The seeds have been planted for a mobile gaming golden age, and there’s now several very different phones vying for gamers looking for a bit of portable fun beyond throwing birds at pigs.
LG Optimus 3D
The Optimus 3D is pushing itself as a viable new option for portable gaming, with an awesome no-glasses 3D screen, it has its own unique selling point, at least until HTC’s Evo 3D arrives in the UK.
3D gaming has been given a boost from mobile games giant Gameloft, who has brought a wave of its latest games, including popular titles like action brawler Spiderman, Modern Combat 2: Black Pegasus, tomb adventure Shadow Guardian, and NOVA 2.
Straight out of the box, the Optimus 3D arrives with three free games, including first-person shooter NOVA, Let’s Golf 2, and Asphalt 6.
The glasses-free effect has to be seen to be believed, and games look great on the 4.3-inch screen. As it’s able to handle 3D content, the Optimus 3D handles other two-dimensional games effortlessly.
You will be limited to touchscreen-only controls, but as the Android market continues to grow, we’re expecting plenty more premium titles and plenty more 3D tiles.
The 3D effect may not be for everyone, and it really does throttle the battery-life, but with so many Android phones difficult to discriminate between, the Optimus 3D’s multi-dimensional feature sets it apart. LG has also announced that it’s looking to push its 3D phone as a viable alternative to portable consoles like the Nintendo 3DS, so we hope that means they’ll continue to support and push for even more games.
Sony Ericsson Xperia Play
The much-hyped Xperia Play arrived with a whimper more than a bang, limping into shops with a disappointing clutch of games brought across from the original PlayStation. Better games have started to arrive, and for anyone “raised on PlayStation” it’s those controls that make the Xperia Play a gaming force to be reckoned with.
The slide-out controls include a d-pad and and six more buttons, with two analogue touch- pads in the middle mimicking a PlayStation controller.
With no fingers to clutter up the screen, and responsive digital controls, many games – provided they’ve been especially developed across to the Xperia Play- are massively improved. It’s especially noticeable on first-person shooters like NOVA and Modern Combat 2, where using your fingers gets in the way of your view of the action.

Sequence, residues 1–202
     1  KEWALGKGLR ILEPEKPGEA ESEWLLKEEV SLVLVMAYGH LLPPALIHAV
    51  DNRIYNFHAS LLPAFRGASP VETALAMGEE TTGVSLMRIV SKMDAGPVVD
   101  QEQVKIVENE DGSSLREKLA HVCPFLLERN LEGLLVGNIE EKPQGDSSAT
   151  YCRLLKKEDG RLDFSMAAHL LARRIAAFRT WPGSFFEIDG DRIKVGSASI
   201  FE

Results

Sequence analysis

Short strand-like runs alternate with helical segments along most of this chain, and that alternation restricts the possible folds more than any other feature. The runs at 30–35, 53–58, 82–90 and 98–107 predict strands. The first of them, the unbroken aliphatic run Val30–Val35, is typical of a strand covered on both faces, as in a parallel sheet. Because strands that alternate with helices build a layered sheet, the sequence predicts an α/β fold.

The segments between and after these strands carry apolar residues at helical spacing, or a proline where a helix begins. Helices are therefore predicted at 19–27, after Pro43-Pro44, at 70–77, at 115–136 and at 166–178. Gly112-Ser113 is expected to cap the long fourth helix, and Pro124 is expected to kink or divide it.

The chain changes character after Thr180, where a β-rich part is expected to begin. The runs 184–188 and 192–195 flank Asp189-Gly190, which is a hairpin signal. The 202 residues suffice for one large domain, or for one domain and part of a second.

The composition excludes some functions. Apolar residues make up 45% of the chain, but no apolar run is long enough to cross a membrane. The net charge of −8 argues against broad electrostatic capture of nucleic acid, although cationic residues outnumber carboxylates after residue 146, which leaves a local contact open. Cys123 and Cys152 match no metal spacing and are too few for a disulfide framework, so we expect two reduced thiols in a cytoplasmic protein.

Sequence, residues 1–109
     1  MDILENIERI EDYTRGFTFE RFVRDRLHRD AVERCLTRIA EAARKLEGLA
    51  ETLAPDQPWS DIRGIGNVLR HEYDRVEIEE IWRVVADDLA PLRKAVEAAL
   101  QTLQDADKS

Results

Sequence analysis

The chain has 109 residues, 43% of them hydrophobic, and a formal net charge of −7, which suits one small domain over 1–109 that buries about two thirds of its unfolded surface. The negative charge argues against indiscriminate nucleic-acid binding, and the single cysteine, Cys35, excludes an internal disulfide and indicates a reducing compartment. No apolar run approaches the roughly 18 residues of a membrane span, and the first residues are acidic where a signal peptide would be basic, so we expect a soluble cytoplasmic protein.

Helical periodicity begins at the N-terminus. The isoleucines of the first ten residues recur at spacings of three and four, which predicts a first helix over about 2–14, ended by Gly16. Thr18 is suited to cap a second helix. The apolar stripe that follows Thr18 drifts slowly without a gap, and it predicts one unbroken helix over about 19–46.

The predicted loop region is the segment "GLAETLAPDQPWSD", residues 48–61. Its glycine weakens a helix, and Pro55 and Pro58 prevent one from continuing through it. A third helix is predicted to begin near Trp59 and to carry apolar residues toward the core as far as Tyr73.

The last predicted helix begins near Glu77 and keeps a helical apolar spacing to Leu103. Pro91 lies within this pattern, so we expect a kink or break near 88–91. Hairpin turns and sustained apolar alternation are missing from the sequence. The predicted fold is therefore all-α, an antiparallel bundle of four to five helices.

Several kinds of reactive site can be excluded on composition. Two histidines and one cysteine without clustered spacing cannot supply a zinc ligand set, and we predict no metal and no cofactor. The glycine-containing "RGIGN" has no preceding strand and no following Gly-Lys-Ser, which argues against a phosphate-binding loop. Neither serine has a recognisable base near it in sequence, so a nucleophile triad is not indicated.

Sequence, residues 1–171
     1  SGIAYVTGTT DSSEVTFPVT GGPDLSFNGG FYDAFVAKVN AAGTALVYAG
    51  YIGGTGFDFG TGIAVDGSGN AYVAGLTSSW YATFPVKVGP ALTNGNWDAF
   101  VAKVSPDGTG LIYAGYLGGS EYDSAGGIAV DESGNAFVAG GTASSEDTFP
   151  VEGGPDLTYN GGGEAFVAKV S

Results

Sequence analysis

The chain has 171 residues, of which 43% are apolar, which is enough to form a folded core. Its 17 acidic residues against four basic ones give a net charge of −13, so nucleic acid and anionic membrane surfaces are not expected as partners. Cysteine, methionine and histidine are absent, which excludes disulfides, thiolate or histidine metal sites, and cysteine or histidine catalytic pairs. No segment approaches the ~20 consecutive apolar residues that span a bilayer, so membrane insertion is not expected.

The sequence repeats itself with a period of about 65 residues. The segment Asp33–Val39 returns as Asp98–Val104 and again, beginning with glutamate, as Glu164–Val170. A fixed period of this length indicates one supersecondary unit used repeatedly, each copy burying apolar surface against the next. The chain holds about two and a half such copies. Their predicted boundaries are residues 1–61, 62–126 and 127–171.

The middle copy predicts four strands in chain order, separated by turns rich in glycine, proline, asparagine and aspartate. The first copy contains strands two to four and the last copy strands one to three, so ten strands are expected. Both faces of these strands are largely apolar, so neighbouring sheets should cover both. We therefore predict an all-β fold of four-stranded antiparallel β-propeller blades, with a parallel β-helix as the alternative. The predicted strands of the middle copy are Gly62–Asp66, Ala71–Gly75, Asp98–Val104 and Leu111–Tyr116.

The controls, like any smartphone with a slide-out keyboard, adds a bit of weight to the phone, and many may be disappointed at a screen that doesn’t seen as bright or as sharp as similarly priced smartphones.
With Sony allowing more of its back-catalogue to arrive on the Xperia Play, like Wipeout and Kula World, and even sequels like Syphon Filter 3, we already have a want-list of classic hits that deserve an airing on the Xperia Play.
It may not have the processing chops of a dual-core phone like the Optimus 2X, nor the power and flashiness of the Optimus 3D, but it’s chosen to go a different route, developing on from its partner’s gaming heritage. Though it may seem like a hardcore gamer option, if you find touchscreen controls frustrating or vague, you’ll probably love the Xperia Play.
Like other Android phones, any games bought from the Android Market (sadly, that doesn’t include Gameloft titles) you’ll be able to try for free for 15 minutes. It’s a great way of testing a new game to see if it’s worth buying.
What’s the iPhone doing here? Well, no other phone offers the sheer breadth and quantity of games on Apple’s black beauty.
Whilst there may be a lot of games that are dodgy knock-offs of popular hits like Angry Birds, you’ll find this is where most of the innovative hits are made. The likes of Sword and Sworcery, NightJar and Alien Attack– you won’t find the sheer range of innovation on an Android phone just yet.
That’s not to say the iPhone can’t do hits- it established Angry Birds as a gaming force, and there’s now a multitude of Sega hits, like Streets of Rage and Sonic, to live out your gaming glories of the past. Recent hits also get tie-ins, like the impressive Street Fighter 4 game shown here. With the iPhone’s dominating position in smartphones, this has meant accessory developers have latched onto it, and you can buy self-adhesive ‘joysticks’ and ‘buttons’ that can be stuck to the screen for more intense gaming sessions.
The iPhone probably has the least powerful processing setup, but due to the fact that games are developed exclusively for it, you’ll find the iPhone is just as smooth and fast as the Android competition. Games tailored for the iPhone 4’s retina screen are also a joy to see, with pin-sharp graphics that sometimes embarrasses the bigger-screened competition.
LG Optimus 2X
The Optimus 2X has a dual-core processor, and it’s thanks to that, and graphics chip giant Nvidia, that the Optimus 2X has access to an exclusive range of high-end games in the Tegra Zone. (That’s the name of the graphics chip.)
You’ll find several games here that you won’t on superphone competition like the Samsung Galaxy S2.
Aside from high-definition versions of hits like Spiderman, Asphalt and Shrek Racing, Ripetide GP is a very polished water-racer available exclusively from the Tegra Zone store, an app you’ll need to download before buying these dual-core optimised games.
As a gaming phone, you’ll find the speedy Optimus 2X won’t leave you waiting for games to load, and like the Optimus 3D it’s been able to handle every game we’ve thrown at it. But whilst it’s very good at what it does, it doesn’t have much that makes it stand out from cheaper-priced Android phones out there.
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